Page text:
How does energy get from the sun to a second-level consumer?
When the sun's energy strikes the earth, plants can capture some through the process of photosynthesis. Plants are then eaten by first level consumers (herbivores). By definition, a second level consumer is a carnivore--an animal that consumes these herbivores. In this way, the sun's energy is accessed by the second level consumers.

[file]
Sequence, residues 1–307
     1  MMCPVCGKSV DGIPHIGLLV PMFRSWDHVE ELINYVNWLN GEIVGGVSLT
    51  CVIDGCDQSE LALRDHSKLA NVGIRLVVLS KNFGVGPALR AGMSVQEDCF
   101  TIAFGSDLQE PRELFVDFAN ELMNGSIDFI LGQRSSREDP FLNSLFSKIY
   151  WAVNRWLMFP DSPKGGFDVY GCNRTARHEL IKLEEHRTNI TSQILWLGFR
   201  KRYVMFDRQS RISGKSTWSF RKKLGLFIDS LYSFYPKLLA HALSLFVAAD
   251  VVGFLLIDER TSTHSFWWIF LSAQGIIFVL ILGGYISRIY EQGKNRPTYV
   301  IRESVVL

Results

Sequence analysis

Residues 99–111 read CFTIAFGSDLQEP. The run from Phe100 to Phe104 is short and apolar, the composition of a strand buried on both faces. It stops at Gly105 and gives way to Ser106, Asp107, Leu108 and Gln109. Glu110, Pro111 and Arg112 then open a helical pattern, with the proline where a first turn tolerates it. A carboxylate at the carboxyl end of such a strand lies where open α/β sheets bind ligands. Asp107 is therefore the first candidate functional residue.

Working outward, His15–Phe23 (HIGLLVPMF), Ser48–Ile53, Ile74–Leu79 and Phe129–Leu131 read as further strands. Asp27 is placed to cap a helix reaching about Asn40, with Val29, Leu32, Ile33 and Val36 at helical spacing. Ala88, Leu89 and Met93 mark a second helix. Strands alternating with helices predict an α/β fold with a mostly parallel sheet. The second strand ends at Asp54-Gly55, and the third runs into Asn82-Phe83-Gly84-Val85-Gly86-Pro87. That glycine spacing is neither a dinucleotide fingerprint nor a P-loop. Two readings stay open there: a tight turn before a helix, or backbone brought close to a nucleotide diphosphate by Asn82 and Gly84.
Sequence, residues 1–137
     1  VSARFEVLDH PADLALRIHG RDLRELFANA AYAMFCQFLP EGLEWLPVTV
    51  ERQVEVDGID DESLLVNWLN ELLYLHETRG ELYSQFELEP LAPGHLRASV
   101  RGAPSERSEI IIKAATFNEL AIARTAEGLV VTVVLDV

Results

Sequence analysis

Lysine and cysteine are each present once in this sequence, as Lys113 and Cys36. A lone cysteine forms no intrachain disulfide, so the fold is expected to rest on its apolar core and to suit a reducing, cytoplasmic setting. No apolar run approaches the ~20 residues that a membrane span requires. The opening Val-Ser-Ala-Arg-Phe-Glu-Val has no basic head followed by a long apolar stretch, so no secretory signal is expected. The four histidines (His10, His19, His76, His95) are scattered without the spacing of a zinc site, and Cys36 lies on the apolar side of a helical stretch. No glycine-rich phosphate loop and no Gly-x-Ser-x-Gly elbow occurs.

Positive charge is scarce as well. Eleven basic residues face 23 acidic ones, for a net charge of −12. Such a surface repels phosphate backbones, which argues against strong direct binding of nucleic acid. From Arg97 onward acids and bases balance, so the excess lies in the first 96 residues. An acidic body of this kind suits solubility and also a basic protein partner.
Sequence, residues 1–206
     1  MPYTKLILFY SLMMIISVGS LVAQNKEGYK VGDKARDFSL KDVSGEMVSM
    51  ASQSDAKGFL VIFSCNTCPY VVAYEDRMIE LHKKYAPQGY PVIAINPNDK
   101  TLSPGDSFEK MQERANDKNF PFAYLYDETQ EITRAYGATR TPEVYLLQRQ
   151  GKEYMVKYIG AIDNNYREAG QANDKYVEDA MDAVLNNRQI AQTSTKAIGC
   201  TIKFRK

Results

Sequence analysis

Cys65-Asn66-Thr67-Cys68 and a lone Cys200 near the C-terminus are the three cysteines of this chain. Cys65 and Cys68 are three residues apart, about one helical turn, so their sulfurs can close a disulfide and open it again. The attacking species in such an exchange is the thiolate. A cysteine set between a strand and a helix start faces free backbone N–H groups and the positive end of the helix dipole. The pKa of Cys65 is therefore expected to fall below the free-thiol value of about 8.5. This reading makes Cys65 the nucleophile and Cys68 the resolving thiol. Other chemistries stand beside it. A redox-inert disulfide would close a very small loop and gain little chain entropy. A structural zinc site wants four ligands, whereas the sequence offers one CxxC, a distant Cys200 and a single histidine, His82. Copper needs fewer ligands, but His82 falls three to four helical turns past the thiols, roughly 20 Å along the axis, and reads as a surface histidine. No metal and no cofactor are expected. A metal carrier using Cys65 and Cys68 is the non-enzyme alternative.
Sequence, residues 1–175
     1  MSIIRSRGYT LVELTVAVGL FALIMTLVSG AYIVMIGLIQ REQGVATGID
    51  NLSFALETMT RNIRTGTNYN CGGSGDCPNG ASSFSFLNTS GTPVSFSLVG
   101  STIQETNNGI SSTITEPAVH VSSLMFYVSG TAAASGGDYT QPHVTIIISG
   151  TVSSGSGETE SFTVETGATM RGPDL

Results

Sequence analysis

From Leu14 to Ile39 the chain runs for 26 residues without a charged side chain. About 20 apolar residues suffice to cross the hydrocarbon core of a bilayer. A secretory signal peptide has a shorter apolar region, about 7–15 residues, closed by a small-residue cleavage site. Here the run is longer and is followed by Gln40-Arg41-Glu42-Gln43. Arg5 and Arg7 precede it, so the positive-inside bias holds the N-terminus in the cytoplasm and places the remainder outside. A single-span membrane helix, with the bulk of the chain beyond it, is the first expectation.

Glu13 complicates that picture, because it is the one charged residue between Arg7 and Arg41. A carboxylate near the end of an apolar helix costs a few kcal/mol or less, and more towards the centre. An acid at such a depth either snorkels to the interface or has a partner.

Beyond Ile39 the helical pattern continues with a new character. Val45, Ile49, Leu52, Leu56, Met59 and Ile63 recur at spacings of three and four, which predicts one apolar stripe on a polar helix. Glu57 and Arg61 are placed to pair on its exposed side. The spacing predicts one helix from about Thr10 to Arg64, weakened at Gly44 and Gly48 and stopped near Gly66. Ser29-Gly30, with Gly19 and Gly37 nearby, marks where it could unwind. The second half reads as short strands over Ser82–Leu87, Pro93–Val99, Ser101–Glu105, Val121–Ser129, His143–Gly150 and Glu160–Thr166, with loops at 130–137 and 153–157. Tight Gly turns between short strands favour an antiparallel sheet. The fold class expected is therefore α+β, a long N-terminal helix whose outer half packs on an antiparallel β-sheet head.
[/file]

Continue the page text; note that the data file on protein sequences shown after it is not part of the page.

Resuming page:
Autotrophs (plants, producers) have the ability to capture the energy of the sun--virtually all life on earth is dependent on the ability of plants to photosynthesize. This is the process performed in plants that takes carbon dioxide and water, and with the energy of the sun transforms them into sugar and oxygen. The sugar that is a product of photosynthesis contains chemical energy. The plant itself uses some of this energy. Some is transferred to the animal that consumes the plant. The transfer is only about 10% efficient; that is, the animal can only obtain about 10% of the energy available in the plant. The rest is lost as heat. This 10% efficiency continues up the successive levels of the energy "pyramid"--10% of that available at each level is utilized by the next consumer.